The Appalachian National Scenic Trail is a 2,200 mile hiking trail in the Eastern United States, connecting Maine’s largest mountain, Mount Katahdin, at its north eastern tip with Springer Mountain, Georgia, at its far south western end. Every year, thousands of hikers set out in the hopes of completing a ‘thru-hike’; walking the entire length of the trail. This undertaking often takes five months or longer, and only around 25% of those that attempt it complete it successfully.
In July 2013, one of those attempting a thru-hike was 66-year old Geraldine Largay, a retired Air Force nurse from Nashville. After losing her way and being unable to find the trail again, Largay was missing for over two years before her remains were found in a neatly set camp just two miles from the Appalachian trail. A hand-written journal and attempts to contact loved ones via cell phone indicated that she survived for 26 days before succumbing to a combination of starvation and exposure.
Largay had set out from Harper’s Ferry, West Virginia, the previous April with friend Jane Lee to attempt to conquer the trail, and had already covered over 1,000 miles by the time she went missing. Largay’s husband George Largay would regularly meet them along the route to provide the pair with fresh supplies and stay with the pair at motels. While the two women had completed a five-day training course before departing, Lee later said that Largay had often struggled to keep up and was a poor navigator.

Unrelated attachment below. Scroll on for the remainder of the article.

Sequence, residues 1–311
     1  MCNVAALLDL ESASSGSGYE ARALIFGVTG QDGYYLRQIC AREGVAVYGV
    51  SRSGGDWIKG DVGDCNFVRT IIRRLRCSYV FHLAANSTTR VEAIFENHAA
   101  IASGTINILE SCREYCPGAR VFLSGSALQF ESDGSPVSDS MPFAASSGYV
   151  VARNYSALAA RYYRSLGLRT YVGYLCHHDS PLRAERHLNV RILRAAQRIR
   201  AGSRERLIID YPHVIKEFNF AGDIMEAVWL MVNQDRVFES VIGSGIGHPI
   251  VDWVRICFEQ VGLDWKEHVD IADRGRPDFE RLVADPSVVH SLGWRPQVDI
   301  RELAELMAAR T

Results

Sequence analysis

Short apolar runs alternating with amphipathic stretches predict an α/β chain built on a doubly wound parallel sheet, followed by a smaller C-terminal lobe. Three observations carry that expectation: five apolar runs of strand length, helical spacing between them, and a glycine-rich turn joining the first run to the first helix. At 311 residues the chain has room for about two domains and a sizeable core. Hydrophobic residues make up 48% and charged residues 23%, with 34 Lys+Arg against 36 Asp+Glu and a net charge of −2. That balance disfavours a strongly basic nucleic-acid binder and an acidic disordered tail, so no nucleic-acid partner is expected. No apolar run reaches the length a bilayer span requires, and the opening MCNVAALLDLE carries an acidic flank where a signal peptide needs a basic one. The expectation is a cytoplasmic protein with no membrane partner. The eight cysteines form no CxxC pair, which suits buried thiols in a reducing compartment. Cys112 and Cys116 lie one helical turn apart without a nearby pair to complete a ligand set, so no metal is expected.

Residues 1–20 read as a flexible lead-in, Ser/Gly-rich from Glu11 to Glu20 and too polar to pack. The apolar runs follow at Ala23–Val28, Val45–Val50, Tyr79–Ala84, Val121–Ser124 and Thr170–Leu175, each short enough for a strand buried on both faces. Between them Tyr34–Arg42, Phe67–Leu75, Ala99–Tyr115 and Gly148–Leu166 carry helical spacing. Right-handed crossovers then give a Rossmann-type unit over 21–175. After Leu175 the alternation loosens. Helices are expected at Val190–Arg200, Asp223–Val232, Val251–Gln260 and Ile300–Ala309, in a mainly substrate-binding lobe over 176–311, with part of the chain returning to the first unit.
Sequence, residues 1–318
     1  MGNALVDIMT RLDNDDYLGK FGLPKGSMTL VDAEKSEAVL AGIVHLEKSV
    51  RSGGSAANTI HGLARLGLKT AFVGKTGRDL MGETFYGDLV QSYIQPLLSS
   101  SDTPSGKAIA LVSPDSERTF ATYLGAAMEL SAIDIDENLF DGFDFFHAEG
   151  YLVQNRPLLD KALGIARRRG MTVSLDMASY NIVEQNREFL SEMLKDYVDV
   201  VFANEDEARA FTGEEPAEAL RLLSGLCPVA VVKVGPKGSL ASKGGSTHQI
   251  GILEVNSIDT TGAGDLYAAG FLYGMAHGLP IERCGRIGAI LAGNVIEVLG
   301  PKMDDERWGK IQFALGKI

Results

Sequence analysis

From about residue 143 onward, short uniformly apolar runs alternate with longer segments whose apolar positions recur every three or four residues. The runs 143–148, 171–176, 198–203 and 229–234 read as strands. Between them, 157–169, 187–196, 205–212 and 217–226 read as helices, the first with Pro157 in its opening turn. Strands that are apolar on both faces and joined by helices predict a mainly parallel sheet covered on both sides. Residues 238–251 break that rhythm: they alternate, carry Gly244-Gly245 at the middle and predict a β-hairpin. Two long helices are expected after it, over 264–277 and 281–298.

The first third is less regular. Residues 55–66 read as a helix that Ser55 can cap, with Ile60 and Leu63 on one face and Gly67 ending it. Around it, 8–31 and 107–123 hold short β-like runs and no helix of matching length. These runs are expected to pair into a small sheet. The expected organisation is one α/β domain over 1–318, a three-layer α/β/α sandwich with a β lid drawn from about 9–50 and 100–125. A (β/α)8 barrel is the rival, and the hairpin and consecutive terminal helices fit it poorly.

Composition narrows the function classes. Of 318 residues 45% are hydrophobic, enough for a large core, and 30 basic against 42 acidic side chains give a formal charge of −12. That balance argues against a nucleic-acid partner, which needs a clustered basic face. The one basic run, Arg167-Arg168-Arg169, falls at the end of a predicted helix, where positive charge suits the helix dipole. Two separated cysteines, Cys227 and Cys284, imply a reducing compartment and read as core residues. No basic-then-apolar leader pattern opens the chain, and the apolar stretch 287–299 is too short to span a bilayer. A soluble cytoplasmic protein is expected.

Lee also acknowledged that Largay struggled with a fear of the dark and being alone, and her doctor had prescribed her medication to combat panic attacks. When Lee was forced to abandon the hike due to a family emergency, Largay made the fateful decision to continue with her attempt alone. Pushing on through the White Mountains of Western Maine, the remote terrain made it more difficult for George to meet with her and she spent some nights sleeping in trail shelters or her small hiking tent.
Despite the difficulty of the hike and the loss of her travelling companion, Largay appeared to embrace and enjoy the experience, with many hikers on the trail that summer recalling pleasant conversations with her. Like many thru-hikers she adopted a ‘trail name’, used to sign the guest book found in many of the shelters along the trail. Hers was ‘Inchworm’, a self-deprecating nod to her slow pace of travel. Largay also kept a journal throughout her experience, documenting the flora and fauna she saw along the way.
Largay was last seen on the morning of July 22nd 2013 at the Poplar Ridge Lean-to by fellow hikers, one of which took a picture of her that would prove to be the last photo of her alive. She told the others who had spent the night in the lean-to that she intended to walk the 22 miles to where the trail crossed Route 27, where she had agreed to meet up with her husband. A few hours into her days hiking she left the trail to relieve herself, and was unable to relocate it. At 11am, she text her husband in an attempt to raise the alarm.